The Italian Prime Minister, Paolo Gentiloni, and Eni’s Chief Executive Officer, Claudio Descalzi, met at Eni’s laboratories in Bolgiano with students, teachers and lecturers currently involved in Eni’s training activities in Italian high schools and universities: school-work alternation, first-level apprenticeships, degrees and Master’s degrees in the energy sector. Students from the Scuola Mattei, the post-lauream school which has been training Italian and foreign students for 60 years and which is a testimony to Eni’s longstanding commitment to helping Italy’s youth, also participated in the event. The event was an opportunity to share an analysis of the current national and international energy landscape and Eni’s strategies to create long-term value. The key topic was transformation, the ability to envisage and seize future opportunities, which for Eni means leveraging its skills, technologies and people.
Claudio Descalzi illustrated Eni’s strategies in Italy, including the Upstream, where the company excels, in addition to the heart of its midstream and downstream activities, which directly and indirectly employ approximately 70 000 people. Over the last three years, the company has invested €15 billion, with a further €21 billion planned for the next four years, in a drive to transform all of its business sectors, from upstream to refining and chemicals, from power generation to remediation.
The goal is to give existing assets new, low carbon life, increasing energy efficiency and investing in technologies and skills without cutting employment, a strategy which runs contrary to what has previously happened in the sector, where many projects have been stopped and workforces reduced.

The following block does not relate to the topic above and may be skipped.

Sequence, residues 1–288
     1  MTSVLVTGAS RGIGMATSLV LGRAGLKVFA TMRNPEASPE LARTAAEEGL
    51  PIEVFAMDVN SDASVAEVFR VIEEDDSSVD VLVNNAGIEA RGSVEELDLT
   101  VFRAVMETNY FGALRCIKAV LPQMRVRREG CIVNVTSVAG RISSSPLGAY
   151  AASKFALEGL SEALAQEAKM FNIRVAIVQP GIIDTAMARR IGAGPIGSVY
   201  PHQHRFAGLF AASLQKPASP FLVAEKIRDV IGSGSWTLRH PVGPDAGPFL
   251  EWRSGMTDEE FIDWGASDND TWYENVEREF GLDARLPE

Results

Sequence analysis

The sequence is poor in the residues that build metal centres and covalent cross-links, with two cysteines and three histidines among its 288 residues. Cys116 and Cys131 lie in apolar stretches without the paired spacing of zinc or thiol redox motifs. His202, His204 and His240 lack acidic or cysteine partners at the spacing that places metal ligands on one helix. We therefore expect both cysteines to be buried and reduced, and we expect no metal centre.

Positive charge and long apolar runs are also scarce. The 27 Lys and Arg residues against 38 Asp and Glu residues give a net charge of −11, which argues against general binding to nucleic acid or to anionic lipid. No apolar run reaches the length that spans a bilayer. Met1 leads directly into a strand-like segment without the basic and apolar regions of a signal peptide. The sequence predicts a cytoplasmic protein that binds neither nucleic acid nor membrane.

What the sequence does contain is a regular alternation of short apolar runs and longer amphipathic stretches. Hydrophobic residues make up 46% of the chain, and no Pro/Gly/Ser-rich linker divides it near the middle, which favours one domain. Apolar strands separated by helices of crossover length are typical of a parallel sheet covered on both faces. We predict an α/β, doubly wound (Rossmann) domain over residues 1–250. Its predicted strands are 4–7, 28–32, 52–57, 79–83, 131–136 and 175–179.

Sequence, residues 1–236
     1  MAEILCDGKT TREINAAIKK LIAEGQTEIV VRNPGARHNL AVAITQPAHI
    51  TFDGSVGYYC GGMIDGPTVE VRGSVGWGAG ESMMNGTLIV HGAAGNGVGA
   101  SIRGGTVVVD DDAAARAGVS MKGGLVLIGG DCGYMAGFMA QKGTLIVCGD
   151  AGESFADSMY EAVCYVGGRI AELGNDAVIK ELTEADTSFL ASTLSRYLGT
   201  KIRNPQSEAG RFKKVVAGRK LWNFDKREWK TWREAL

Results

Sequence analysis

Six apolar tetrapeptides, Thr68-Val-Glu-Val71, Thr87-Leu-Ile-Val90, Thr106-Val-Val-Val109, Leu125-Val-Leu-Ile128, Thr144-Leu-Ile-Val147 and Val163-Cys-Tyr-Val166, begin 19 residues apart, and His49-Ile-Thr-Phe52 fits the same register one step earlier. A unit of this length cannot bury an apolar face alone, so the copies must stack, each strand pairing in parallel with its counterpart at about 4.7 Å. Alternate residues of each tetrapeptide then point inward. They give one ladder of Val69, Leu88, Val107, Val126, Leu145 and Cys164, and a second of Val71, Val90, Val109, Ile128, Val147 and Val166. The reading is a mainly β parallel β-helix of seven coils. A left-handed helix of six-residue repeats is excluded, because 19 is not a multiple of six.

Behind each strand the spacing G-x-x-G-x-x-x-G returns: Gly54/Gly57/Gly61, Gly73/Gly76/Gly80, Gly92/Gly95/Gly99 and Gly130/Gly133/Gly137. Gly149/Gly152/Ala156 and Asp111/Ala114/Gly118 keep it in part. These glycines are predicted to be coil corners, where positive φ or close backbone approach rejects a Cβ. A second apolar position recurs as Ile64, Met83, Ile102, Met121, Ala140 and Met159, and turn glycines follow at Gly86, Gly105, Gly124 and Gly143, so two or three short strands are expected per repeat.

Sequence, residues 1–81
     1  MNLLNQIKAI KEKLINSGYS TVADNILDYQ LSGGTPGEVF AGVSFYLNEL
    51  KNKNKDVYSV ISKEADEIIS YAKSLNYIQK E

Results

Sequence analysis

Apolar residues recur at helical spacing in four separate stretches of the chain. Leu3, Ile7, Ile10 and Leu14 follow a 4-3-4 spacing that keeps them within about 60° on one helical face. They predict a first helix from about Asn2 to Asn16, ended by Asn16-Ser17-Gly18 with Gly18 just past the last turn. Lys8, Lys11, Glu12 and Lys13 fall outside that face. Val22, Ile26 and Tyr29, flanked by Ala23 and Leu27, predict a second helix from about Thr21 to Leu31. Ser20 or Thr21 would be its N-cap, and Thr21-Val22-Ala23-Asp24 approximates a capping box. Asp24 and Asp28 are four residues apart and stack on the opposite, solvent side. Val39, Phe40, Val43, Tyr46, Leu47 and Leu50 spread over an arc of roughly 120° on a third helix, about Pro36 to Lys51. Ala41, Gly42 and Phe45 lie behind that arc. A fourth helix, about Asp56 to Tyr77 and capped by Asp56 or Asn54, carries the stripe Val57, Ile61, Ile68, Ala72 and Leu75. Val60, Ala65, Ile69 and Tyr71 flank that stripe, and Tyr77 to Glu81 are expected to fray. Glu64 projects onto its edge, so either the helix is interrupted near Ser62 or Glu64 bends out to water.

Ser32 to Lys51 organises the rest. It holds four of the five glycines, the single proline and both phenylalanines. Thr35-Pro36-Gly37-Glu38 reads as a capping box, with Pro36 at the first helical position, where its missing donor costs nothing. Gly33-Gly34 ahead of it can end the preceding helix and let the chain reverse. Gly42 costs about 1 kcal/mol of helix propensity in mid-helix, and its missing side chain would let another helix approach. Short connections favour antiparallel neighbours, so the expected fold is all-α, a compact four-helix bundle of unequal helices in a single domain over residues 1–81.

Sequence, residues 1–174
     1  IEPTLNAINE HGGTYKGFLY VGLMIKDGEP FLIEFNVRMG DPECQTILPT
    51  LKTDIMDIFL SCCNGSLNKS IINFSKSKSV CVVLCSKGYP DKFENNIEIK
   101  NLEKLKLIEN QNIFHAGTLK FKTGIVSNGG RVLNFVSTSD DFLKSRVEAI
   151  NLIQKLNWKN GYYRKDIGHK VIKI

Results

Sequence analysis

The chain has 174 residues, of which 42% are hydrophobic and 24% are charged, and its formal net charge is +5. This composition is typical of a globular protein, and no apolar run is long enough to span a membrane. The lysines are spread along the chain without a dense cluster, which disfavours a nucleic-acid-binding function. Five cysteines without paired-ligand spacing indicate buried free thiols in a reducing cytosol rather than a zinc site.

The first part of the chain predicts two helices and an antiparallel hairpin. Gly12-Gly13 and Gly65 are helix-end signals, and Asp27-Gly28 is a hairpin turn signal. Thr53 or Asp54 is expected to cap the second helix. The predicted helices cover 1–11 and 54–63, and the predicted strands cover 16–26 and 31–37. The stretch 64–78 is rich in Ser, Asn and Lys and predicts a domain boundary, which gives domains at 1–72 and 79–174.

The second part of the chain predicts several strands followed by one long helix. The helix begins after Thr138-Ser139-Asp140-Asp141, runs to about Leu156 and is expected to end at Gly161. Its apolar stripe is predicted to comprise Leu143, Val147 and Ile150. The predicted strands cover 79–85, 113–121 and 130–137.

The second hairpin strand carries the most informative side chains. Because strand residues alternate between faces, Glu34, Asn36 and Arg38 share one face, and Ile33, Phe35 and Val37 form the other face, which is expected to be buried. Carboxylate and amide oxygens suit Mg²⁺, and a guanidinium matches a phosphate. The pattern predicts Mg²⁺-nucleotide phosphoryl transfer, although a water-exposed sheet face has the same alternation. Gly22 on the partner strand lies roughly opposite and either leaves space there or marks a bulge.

This strategy has four pillars: the exploration and production of hydrocarbons, the transformation of the refining and chemicals sectors; an energy transition based on gas and the development of renewable sources; and people, innovation and skills.
Firstly, Claudio Descalzi explained how the exploration and production of hydrocarbons will continue to be Eni’s growth engine and act as a bridge to the energy landscape of the future. Eni will maintain its production levels in Italy by continuing to focus significantly on gas, the cleanest of the fossil fuels and the perfect partner in the transition to a low-carbon energy mix. At the same time, Descalzi added, Eni is studying how to use decommissioned platforms to produce energy from the wind and sea, as well as creating new research laboratories.
Eni’s CEO went on to describe how Eni was the first company in the world to convert a traditional refinery, in Venice, into a biorefinery. Eni has a goal of producing one million t of biodiesel by 2020, thanks to the start-up of the Gela refinery, accounting for the entire Italian biofuel demand and investing over €420 million in the process. Eni will also use innovative technology to produce energy and fuel from waste, animal fats and frying oils. In terms of renewable energy projects, Descalzi explained Eni’s progress in 2016 identifying and launching renewable energy projects at its plants in Italy, with the goal of improving the company’s energy efficiency and producing 220MW of power by 2020.
Finally, Descalzi underlined how Eni’s most valuable assets are its people, its skills and its ability to innovate. Between 2009 and 2016, Eni invested around €1.5 billion in research activities that led to more than 300 proprietary technologies and more than 6000 patents being developed. In the next four years, the company will invest more than €500 million, collaborating with key Italian and international universities such as MIT.
Eni’s transformation has already led to important advances in terms of energy efficiency, asset development and human resources, giving continuity to a huge endowment that constituted the company’s strength and that will provide a platform to continue creating value in the future.
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